But listen to what they want to do. Caused-based charities are thriving at the moment because young people have particular causes they are passionate about. It makes them less “loyal” to an organisation like ours, unless you can push home that the six areas of focus include that cause. My human rights interest perfectly lends itself to ‘Peace and Conflict Resolution’, so now I’m a Rotarian for life. So find out what causes they are interested in and work with them to find a local or international community project that the club can undertake as a whole if it doesn’t already fit into a current project. Whatever you do, DO NOT go straight to that person and force them to essentially work in a silo almost like they have a second job. If others in the club can’t help, then re-assess. Young adults like to work in teams; it’s how the office place still survives.
Strategy three – don’t push it.
Lay the opportunity out for them and encourage/empower them so they know they can join at their own pace, but remember attendance rules will work against you if you wish to implement them, and think about counting some of their Rotaract time against that attendance. If you must measure attendance, measure it against work on the ground and impact, not eating meals.
Strategy 4 – meals!
Have you ever sat down at a table not feeling hungry and everyone else is eating?
Yes, everyone around us might say it’s ok, but you feel awkward all the same. Well even when Rotary clubs are open to people that don’t force the purchase of a meal it does still feel strange to be the only person not eating. So if you can’t go a meeting a month (for example) without a meal, then consider a different meeting type all together almost like a satellite club. It might just work.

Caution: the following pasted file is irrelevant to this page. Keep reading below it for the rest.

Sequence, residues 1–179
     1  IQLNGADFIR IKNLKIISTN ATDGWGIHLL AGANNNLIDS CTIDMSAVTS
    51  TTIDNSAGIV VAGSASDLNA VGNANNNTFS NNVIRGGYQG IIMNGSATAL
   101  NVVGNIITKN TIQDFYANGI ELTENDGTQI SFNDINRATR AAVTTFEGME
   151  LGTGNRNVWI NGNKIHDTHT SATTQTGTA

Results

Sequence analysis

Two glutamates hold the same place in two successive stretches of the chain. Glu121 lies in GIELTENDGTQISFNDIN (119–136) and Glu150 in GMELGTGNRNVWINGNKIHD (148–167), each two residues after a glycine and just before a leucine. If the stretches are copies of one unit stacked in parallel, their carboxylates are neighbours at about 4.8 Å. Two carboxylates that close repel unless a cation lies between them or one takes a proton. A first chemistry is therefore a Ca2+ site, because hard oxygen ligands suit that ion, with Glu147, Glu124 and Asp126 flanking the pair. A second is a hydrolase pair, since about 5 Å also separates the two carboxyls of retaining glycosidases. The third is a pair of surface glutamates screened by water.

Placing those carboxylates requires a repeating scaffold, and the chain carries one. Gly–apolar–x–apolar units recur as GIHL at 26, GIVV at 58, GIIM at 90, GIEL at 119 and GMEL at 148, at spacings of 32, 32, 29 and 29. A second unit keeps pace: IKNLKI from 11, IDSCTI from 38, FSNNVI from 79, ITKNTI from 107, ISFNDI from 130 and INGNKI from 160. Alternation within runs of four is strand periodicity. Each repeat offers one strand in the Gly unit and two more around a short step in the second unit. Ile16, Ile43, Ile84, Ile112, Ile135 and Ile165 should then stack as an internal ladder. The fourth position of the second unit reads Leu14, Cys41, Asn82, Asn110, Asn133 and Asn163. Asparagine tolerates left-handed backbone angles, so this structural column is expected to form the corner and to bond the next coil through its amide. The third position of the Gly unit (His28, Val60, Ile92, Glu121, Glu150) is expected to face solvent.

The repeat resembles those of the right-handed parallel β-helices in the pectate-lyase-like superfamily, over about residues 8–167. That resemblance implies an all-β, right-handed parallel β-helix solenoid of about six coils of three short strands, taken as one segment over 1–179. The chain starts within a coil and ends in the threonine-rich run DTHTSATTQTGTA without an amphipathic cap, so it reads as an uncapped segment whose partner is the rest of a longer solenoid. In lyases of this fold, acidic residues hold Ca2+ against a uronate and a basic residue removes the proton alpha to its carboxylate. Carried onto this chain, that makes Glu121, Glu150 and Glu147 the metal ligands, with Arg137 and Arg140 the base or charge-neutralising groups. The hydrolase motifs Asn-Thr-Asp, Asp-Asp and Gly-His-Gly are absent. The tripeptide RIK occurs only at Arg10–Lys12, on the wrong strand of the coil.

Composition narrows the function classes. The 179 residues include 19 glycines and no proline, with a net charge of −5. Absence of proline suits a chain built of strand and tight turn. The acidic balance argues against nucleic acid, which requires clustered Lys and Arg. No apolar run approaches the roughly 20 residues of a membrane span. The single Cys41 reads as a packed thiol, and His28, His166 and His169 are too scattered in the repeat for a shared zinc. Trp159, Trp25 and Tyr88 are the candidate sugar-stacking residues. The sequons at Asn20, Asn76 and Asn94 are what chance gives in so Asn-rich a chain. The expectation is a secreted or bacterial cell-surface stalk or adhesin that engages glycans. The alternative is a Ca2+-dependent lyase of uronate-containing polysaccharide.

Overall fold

Strategy 5 – patience!
There is no “one solution” that is going to work overnight. In fact it might not even work in “your” Rotary year. But hopefully your club doesn’t think in this way and will realise there is no such thing as “your year” regardless of how rightly proud you are to be in whichever role you might be.
Together your club can lay the foundations for a successful future if it doesn’t have a yearly mentality. You wouldn’t run a business with a long term vision AND implement major changes every 12 months, so I know you don’t need me to tell you this either (but I hope the reminder sticks all the same).
All of these things together set the foundations to make your club ready to accept young adults and (possibly) as a result add some vibrancy and energy to an already successful club no doubt.
Try one at a time if it less but remember however strong your club is, think about your community and make sure the options are available to anyone in it to have a Rotary option. Don’t think someone else will do it, and don’t be afraid to talk to neighbouring clubs if needs be. In my current home of Bangkok, there are many successful and large clubs. However they have taken their eye off the ball as they now dismiss the need of a solution for young, English speaking, professionals with no option to meet in an evening or without a meal. I know this first hand.
Pragmatically, I want your clubs to go out there and implement as much of this as possible, and remember that the people we are talking about here are adults who want to give back to society, through project based activities mostly. Together we need to develop a way to keep them interested in long term membership too – which I hope I’ve highlighted by talking about our selling point – the six areas of focus.
There is no need for a condensing approach when it comes to this group of young adults. Many have already achieved a lot. Your guidance is what will make the difference, much like it did for me when I was 23 years of age and trying to launch my own business. I was naïve and inexperienced, but my Rotaract experiences and Rotary guidance from my district (namely Past District Governor Lorna Beedham) are what lead me to when I am today (with further to go too).
The room I still have to grow I hope will still be fed by Rotary based experiences alongside my professional career too, and I know from past experiences that our organisation provides that pathway.
Good luck and I will follow the comments on this blog and respond according if I can add anything else. I’ve turned this blog idea around in less than 24 hours, so no doubt I’ve missed other successful strategies too, but I hope my top 5 are useful. Please add yours if you have them!
You can follow James on LinkedIn: https://th.linkedin.com/in/jameslovatt